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BOS1b.003 My life choices project – attitudes and perceptions on advance care planning among Chinese-speaking older Australians living in Sydney
  1. Ling Yeoh1,2,
  2. Joel Rhee3,
  3. Benjamin Tan1 and
  4. Craig Sinclair3
  1. 1Charles Darwin University, Darwin, Australia
  2. 2Menzies School of Health Research, Darwin, Australia
  3. 3University of New South Wales, Sydney, Australia


Background Current literature indicate that awareness and uptake of ACP are low among the Chinese-speaking community in Australia. There is a lack of evidence from the community-based Chinese Australians’ perspectives. This study aimed to characterise the attitudes and perceptions of ACP among older Chinese-speaking Australians living in Sydney.

Methods This qualitative study inductively explored participants’ lived experiences to identify significant events and social and cultural factors that influence their values, attitudes, and perceptions of EOL decision-making and ACP. Chinese-speaking participants aged 65 or over, and carers aged 18 and older, were recruited purposively from the metropolitan communities of Sydney. Data were collected through semi-structured one-to-one interviews conducted in Mandarin, Cantonese or English. Data were transcribed and translated into English before coding. Coded data were analysed thematically.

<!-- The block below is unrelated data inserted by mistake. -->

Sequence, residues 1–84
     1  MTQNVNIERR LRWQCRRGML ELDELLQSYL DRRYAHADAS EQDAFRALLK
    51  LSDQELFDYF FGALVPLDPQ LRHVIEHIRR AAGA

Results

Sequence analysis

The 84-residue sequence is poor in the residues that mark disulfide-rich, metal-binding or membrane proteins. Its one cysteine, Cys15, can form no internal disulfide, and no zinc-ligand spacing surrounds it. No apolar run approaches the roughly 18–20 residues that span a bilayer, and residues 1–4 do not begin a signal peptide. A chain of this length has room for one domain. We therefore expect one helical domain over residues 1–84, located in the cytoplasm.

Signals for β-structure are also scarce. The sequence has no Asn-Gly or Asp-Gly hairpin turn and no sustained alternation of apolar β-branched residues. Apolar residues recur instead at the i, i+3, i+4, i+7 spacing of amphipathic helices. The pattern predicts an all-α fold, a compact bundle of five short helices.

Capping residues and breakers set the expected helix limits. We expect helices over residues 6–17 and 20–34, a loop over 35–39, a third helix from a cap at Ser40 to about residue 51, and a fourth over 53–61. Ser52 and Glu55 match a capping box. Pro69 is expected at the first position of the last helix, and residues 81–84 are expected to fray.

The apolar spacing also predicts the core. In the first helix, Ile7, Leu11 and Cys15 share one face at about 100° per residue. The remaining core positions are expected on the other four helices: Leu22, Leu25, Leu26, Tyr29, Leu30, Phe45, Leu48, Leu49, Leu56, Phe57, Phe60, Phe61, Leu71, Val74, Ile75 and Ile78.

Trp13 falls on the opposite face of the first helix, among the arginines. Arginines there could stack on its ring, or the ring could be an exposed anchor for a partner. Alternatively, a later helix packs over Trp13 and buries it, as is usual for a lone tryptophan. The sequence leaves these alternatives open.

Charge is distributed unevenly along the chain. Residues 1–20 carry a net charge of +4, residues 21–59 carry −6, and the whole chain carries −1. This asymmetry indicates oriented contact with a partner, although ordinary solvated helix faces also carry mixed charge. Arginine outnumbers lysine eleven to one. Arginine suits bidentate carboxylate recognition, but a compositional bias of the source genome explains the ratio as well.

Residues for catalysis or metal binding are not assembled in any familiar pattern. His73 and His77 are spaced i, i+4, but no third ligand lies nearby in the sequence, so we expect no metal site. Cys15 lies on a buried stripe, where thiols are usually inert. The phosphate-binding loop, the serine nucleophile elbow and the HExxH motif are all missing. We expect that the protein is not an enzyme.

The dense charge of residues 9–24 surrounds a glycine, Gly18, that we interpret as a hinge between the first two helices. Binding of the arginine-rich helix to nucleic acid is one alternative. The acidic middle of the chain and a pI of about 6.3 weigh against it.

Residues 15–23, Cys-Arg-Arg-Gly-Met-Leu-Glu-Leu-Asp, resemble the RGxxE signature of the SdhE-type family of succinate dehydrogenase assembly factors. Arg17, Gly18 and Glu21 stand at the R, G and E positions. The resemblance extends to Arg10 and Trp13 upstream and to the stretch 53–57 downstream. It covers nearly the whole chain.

Results Twenty Chinese-Australian participants were recruited (female: male, 14:6). Participants typically preferred to make health-related decisions autonomously. They grounded their decisions on past experiences of illnesses and EOL decision-making of loved ones, personal values, and perceived needs. Family dynamics and intimacy of relationships are influential in deciding the role and responsibility of their family members in ACP. Although these participants were open to ACP, they perceived the needs to do so only when encountering significant changes in one’s health condition or upon admission into residential facility or hospital.

Participants who were female, widowed or divorced and living alone were found to value autonomy in decision-making, and display a high affinity to ACP.

Conclusion The Chinese-speaking older Australians recruited in this study were observed to be open to ACP. Healthcare professionals should avoid cultural stereotyping and allow their patients from any cultural backgrounds to decide how they prefer to approach ACP. Past experiences and family dynamics could be considered as part of ACP discussions.

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